In the meantime, ISIS and other radical groups continue to evolve, reorganizing and modifying operations to fit an ever-changing transnational security landscape. Other extremist groups, in pursuit of religious, ethnic or political goals, are probably paying attention and will seek to copy what “works,” thereby transforming themselves into major threats aligned with or alongside ISIS.
ISIS is peculiar, in that even after its core was weakened and ultimately decimated, its peripheries have persisted, successfully assuming the group’s ambitions of a global caliphate. For instance, a Philippine affiliate was responsible for an attack in January that claimed 23 lives. The group has also poached Taliban fighters, despite US officials breaking bread with the Taliban to engineer a US exit from Afghanistan.
The defeats in Iraq and Syria did not hinder ISIS at all. Thousands of its fighters have gone underground, while its media arm continues to pump out propaganda and issue directives to far-flung cells and affiliates. The recent anti-Islam rhetoric from Western politicians and attacks by white extremists, such as the recent one in New Zealand, have also served to fuel radical Islamist groups and amplify their messages and recruitment.
Recently, ISIS expanded its presence in Africa beyond Boko Haram’s operations in West Africa by recruiting the Allied Democratic Forces, an Islamist militia rebel group based in the Democratic Republic of the Congo. This is the group behind attacks in the DRC’s North Kivu province, which is home to resources, such as timber, gold, tin and rare earth metals, that ISIS can potentially exploit and traffic to raise funds.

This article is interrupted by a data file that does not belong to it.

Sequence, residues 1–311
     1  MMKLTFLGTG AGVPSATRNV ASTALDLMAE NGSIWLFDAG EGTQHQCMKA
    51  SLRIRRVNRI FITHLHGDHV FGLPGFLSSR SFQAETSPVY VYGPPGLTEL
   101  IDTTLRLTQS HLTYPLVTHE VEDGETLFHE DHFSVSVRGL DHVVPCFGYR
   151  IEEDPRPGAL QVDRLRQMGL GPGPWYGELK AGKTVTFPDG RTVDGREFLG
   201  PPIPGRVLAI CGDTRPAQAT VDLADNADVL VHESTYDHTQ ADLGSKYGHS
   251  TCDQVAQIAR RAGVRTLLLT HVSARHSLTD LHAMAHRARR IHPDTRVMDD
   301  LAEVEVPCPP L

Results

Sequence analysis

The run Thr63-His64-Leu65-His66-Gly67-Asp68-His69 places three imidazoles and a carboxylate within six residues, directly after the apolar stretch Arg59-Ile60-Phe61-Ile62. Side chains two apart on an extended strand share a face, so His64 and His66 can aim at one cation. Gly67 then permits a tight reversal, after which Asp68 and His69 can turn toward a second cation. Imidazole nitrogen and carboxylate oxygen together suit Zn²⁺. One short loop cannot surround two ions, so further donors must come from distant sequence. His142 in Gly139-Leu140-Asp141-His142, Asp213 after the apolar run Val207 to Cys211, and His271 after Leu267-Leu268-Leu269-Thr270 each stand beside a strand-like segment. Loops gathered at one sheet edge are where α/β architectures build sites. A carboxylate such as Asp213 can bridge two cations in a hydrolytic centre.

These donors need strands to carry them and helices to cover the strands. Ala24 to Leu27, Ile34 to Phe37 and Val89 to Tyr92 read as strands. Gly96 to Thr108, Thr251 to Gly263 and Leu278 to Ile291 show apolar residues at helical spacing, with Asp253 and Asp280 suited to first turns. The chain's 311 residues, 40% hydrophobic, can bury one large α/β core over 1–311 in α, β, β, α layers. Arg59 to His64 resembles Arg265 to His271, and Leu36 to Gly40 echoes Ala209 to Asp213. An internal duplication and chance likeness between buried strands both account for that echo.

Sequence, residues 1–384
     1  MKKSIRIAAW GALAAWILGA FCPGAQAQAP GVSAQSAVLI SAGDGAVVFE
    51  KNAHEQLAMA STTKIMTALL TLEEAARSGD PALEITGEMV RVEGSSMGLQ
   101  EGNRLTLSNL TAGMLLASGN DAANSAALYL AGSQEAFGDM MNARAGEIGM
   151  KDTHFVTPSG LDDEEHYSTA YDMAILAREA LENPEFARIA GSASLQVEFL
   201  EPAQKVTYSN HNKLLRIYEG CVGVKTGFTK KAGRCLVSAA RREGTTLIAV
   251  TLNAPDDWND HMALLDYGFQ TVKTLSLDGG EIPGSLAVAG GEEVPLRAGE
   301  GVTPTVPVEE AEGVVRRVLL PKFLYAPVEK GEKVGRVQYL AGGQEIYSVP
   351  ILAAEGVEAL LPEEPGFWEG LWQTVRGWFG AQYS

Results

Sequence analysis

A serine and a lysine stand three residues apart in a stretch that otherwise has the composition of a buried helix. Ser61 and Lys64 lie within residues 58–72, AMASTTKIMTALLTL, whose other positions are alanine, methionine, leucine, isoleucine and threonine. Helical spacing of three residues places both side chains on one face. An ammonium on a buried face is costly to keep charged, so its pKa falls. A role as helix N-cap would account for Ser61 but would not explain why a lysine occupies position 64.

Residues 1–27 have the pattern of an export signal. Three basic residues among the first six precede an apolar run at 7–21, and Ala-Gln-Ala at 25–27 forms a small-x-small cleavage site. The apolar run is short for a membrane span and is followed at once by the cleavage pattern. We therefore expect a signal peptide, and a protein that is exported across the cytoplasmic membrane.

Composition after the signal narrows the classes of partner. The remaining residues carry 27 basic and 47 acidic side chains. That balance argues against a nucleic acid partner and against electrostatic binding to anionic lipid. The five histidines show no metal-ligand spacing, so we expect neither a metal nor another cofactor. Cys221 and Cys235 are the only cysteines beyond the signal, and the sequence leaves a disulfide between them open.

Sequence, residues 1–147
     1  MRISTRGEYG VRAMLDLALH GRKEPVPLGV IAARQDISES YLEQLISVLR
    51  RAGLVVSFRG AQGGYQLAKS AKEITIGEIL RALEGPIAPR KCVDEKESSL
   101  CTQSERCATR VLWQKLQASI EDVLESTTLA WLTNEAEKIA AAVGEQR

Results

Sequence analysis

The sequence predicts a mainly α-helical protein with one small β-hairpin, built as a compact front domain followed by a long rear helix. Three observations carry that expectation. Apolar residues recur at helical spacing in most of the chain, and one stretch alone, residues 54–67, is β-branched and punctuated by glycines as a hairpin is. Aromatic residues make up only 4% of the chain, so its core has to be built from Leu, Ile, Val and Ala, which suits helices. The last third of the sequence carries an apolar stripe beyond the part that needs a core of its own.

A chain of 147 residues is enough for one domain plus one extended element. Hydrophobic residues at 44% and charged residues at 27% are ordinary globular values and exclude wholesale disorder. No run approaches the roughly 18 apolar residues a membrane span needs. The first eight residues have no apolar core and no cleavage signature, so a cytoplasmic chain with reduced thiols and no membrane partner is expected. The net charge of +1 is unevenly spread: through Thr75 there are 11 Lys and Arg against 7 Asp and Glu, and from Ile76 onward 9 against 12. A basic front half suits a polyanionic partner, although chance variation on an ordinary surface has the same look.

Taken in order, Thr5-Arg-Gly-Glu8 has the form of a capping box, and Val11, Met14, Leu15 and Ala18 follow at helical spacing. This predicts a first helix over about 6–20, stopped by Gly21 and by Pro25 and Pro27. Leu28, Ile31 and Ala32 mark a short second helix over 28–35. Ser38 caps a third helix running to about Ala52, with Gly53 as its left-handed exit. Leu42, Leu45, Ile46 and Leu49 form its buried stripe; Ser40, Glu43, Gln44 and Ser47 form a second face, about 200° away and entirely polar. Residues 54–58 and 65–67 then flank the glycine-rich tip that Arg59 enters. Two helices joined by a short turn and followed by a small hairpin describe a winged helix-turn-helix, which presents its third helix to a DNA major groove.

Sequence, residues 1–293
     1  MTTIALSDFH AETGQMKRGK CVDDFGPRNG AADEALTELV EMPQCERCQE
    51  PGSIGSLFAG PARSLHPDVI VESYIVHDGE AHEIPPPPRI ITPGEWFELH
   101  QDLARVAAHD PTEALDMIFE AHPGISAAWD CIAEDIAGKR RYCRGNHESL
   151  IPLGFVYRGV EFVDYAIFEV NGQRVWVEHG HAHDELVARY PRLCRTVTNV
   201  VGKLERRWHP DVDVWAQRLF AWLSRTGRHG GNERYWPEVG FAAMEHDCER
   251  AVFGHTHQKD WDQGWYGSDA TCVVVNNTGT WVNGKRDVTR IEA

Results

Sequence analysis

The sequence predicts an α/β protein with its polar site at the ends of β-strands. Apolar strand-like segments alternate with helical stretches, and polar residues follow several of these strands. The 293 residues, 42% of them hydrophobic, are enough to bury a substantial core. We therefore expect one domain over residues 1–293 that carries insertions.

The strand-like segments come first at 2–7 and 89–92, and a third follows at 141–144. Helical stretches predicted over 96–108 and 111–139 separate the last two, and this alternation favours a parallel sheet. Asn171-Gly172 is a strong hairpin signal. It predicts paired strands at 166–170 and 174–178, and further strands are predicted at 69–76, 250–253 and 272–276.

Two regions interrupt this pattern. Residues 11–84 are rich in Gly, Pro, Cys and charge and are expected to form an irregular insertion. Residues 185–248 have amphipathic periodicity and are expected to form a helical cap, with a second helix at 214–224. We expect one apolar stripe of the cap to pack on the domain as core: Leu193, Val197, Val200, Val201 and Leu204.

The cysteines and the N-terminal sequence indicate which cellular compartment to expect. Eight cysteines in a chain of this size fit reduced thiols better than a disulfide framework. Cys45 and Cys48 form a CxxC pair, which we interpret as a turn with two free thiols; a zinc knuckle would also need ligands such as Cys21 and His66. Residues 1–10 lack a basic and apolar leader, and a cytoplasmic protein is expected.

The expansion of ISIS into the DRC is especially troubling given that Muslims only account for 2 percent of the population and Arabic is neither a national nor an indigenous language. There would be no reason whatsoever for ISIS to have any interest in the DRC were it not for a lack of stability and the prevalence of armed groups engaged in resource trafficking. With the group defeated in the Middle East, pockets of instability in Africa and Asia will probably play host to the group’s plans to re-emerge — or, at the very least, provide bases from which to launch further devastating attacks.
Worryingly, 10 days before an attack in the DRC for which ISIS claimed responsibility, the country’s president, Felix Tshisekedi, traveled to Washington to warn officials that the group was likely to launch attacks and attempt to relocate some of its personnel in the Northern Province. Apparently, those warnings fell on deaf ears.
ISIS attacks have even resumed in Raqqa, Syria, and in Mosul and Fallujah in Iraq, cities the group once controlled at its height. Just last week, a ISIS attack killed 35 soldiers from the Syrian Army and affiliated militias. The current chaos in Libya is also likely to once again provide a hospitable environment for groups such as ISIS. Even more dangerous is the persistent stream of radicalizing content from ISIS that is capable of inspiring lone-wolf attacks.
While the United States has chosen to retreat, ISIS has stepped up its operations and transformed itself into a global threat in even the most unlikely of places.